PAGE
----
For this session, we invite proposals for presentations concerned with any aspect of Howells’s life and work.

Please submit 300-500 word abstracts to Andrew Ball (ajball79@icloud.com) by January 8. The subject of the email should be “Howells ALA 2018” and the proposal should include any A/V needs you will require.



Howells in the News: Richard White on Howells at the OUP Blog

Abraham Lincoln, the politician whose memory and legacy dominated the Gilded Age, died as this book begins, but he never really vanished. The novelist and critic William Dean Howells captured part of the reason when he reviewed John Hay’s and John Nicolay’s monumental biography of the president in 1890. Howells wrote that “if America means anything at all, it means the sufficiency of the common, the insufficiency of the uncommon.” Lincoln had come to be both the personification of the American common people and the nation’s greatest—and most uncommon—president. Howells thought it was the nation’s common people and common traits that most mattered.

Howells, famous then and largely forgotten since, knew most everyone, but he always remained detached. He watched, and he wrote. His interventions in politics remained minor. Howells was a Midwesterner, and this was the great age of the Midwest. Originally a committed liberal, he came to acknowledge liberalism’s failures and insufficiencies, and then struggled to imagine alternatives. He did so as a writer, and he and his fellow Realists created invaluable portraits of the age. In his confusion, his intelligence, and his honesty, he reminds us that for those living through the Gilded Age it was an astonishing and frightening period, full of great hopes as well as deep fears. When Howells cryptically embraces the common, it is worth listening to him. Understanding his judgment of the “sufficiency of the common, the insufficiency of the uncommon” provides a lens for assessing the Gilded Age.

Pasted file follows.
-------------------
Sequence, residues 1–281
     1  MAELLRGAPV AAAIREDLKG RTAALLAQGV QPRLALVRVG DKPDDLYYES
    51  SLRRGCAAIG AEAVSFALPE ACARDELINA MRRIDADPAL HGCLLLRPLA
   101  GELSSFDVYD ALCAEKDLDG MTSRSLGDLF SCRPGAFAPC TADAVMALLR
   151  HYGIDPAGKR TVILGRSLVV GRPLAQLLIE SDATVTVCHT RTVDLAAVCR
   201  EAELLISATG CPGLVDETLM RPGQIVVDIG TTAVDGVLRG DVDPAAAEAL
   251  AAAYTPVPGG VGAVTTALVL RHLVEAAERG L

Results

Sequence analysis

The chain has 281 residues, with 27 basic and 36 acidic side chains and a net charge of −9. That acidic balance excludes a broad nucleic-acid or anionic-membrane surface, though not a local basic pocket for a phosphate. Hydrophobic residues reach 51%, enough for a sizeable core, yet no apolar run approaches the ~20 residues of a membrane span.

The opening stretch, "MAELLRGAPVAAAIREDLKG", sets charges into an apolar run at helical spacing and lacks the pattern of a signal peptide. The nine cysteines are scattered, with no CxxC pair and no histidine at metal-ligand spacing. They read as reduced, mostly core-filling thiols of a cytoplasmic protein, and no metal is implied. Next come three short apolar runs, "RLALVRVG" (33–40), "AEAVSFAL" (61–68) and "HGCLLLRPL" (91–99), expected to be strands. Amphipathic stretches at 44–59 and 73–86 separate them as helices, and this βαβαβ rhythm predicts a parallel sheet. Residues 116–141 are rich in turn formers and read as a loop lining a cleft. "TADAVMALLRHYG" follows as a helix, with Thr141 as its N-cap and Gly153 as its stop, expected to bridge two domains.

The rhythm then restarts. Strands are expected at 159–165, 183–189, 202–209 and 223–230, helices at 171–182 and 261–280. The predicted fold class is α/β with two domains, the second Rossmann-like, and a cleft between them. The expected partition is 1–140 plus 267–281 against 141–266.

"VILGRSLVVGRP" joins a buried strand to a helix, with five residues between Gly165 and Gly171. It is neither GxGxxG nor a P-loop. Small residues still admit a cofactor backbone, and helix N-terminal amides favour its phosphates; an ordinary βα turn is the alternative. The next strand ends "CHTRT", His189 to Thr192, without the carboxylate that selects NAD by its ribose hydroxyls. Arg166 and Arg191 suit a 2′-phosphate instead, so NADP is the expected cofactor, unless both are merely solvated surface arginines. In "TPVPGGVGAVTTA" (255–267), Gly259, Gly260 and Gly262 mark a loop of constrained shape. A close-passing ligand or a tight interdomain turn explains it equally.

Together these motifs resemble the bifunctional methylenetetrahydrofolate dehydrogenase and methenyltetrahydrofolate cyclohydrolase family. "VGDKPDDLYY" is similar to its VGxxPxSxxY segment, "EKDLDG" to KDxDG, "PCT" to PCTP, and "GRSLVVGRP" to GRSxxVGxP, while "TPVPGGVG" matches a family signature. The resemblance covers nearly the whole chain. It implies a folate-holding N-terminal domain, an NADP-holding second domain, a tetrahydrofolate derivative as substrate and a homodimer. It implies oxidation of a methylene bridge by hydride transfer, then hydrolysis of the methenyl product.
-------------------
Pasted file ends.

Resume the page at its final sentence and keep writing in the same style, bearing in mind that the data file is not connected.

“W. D. Howells” by Underwood & Underwood, featured in The North American review. Public domain via Wikimedia Commons.

Public lecture by Daniel Mrozowski June 15 at the Mark Twain House: “My Dear Howells:” The Literary Friendship of Samuel Clemens and William Dean Howells

From Paul Petrie:

The Trouble Begins at 5:30

This Thursday, June 15

5:00 Reception, 5:30 Lecture

“My Dear Howells:” The Literary Friendship of Samuel Clemens and William Dean Howells

Lecture by Daniel Mrozowski

The personal and professional relationship between Mark Twain and William Dean Howells was one of the most important in American letters. Howells was a significant literary gatekeeper as editor of the Atlantic Monthly and a major novelist in his own right. Understanding their relationship illuminates the culture, business, and ideas that animated post-Civil War American literature.

Daniel Mrozowski is a visiting lecturer in English at Trinity College, Hartford, Connecticut. Dr. Mrozowski is the president of the William Dean Howells Society of America, a scholarly organization dedicated to the study of the 19th-century editor, author, and critic that sponsors regular panels at the annual American Literature Association convention.  Dr. Mrozowski’s research and writing focuses on 19th-century American literature and its intersection with business history. He is working on a book about the rise of the corporation and its influence on American fiction during the Gilded Age.